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Abrams v. City of Los Angeles

United States District Court, C.D. California

November 17, 2014

ANDRE A. ABRAMS, et al., Plaintiff,
CITY OF LOS ANGELES and DOES 1-10, inclusive, Defendants

For Andre Abrams, James Agnole, Julio Alfonso, Edgar Arca, Andy Azodi, Todd Baldwin, Patricia Blake, Dino Campodonico, John Carey, Joseph Chavez, Duc Dao, Manuel Delgado, Daniel Drulias, Mary Fencl, Marc Ferris, Michael Flannery, Elizabeth Gudino, Hector Guzman, Walter Hanna, Brian Harris, Eric Hernandez, Raymond Hernandez, David Herskowitz, Alex Hoffmaster, Todd Holmberg, Cedric Ingram, James Jester, John Jizmejian, James Kukkok, Ron Lagrassa, Bonnie Lehigh, David Lin, Robert Longdon, Michelle Lopez, Joshua Lukaszewski, Defendants: Gregory G Petersen, Richard L Hutchinson, LEAD ATTORNEYS, Gregory G Petersen ALC, Newport Beach, CA.

For City of Los Angeles, Defendant: Brian P Walter, LEAD ATTORNEY, Liebert Cassidy Whitmore APC, Los Angeles, CA; Daniel P Aguilera, Wayne H Song, LEAD ATTORNEYS, Los Angeles City Attorney's Office, Los Angeles, CA; Geoffrey S Sheldon, LEAD ATTORNEY, Danny Young-In Yoo, Liebert Cassidy Whitmore, Los Angeles, CA.




Before the Court is Defendant City of Los Angeles's (" the City") Motion to Strike Portions of Complaint, or in the alternative, to Dismiss All Individually Named Plaintiffs Except Andre Abrams. (ECF No. 10.) Plaintiffs allege that the City violated the Fair Labor Standards Act (" FLSA"), 29 U.S.C. § 201, et seq . The Court finds that Plaintiffs have not established that joinder is proper and for the reasons discussed below, the Court GRANTS the Motion and DISMISSES all Plaintiffs except for Andre Abrams from the action.[1]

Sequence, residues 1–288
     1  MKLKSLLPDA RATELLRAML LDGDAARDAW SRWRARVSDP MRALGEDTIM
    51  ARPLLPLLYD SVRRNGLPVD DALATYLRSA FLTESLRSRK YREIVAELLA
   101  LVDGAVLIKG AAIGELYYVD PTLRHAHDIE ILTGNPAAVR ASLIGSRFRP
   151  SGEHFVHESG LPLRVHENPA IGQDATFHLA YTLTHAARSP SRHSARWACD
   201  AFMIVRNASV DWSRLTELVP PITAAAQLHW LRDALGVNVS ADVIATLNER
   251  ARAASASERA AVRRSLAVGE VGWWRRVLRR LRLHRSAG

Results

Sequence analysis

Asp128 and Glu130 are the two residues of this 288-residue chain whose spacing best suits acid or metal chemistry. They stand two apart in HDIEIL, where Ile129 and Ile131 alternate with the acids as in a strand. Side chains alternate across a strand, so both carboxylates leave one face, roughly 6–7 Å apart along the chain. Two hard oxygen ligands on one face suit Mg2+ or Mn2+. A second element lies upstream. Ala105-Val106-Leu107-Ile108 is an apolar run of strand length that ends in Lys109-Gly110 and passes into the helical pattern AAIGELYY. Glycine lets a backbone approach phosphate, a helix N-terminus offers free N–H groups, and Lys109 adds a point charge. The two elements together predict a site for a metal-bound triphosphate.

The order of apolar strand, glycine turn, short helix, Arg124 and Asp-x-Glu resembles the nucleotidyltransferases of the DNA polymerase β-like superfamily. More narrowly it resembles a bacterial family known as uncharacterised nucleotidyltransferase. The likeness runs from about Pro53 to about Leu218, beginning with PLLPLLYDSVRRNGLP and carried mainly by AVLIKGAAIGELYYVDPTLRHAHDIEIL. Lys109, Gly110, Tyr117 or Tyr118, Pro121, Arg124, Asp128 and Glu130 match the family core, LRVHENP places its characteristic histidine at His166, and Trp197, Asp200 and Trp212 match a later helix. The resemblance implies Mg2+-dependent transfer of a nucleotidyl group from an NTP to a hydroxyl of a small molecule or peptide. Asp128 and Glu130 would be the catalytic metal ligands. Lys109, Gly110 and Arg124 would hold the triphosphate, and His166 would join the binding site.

The FLSA provides that " no employer shall employ any of his employees . . . for a workweek longer than forty hours unless such employee receives compensation for his employment in excess of the hours above specified at a rate not less than one and one-half times the regular rate at which he is employed." 29 U.S.C. § 207(a)(1). " [A]ny one or more employees for and in behalf of himself or themselves and other employees similarly situated" may bring an action for unpaid overtime compensation against an employer who is alleged to have violated the FLSA. Id. § 216(b). Employees wishing to join the suit must " opt-in" by filing a written consent with the court. Id.

Plaintiffs were previously part of two opt-in FLSA collective action lawsuits in front of Judge Feess. See Alaniz v. City of Los Angeles, No. 04-cv-8592 GAF (AJWx) and Mata v. City of Los Angeles, No. 07-cv-6782 GAF (AJWx). In those cases approximately 2, 500 officers of the Los Angeles Police Department (" LAPD") alleged that the City violated the overtime policy and instead adhered to a purported unwritten rule that officers are not to claim overtime of less than one hour (" off-the-clock claims"). The officers contended that they performed pre-shift and post-shift work off-the clock, and that they were not provided a full meal break during their shifts.

On January 30, 2014, the City filed Motions to Decertify Collective Action in Alaniz and Mata on the grounds that the plaintiffs' off-the-clock claims were too individualized to proceed collectively under applicable law.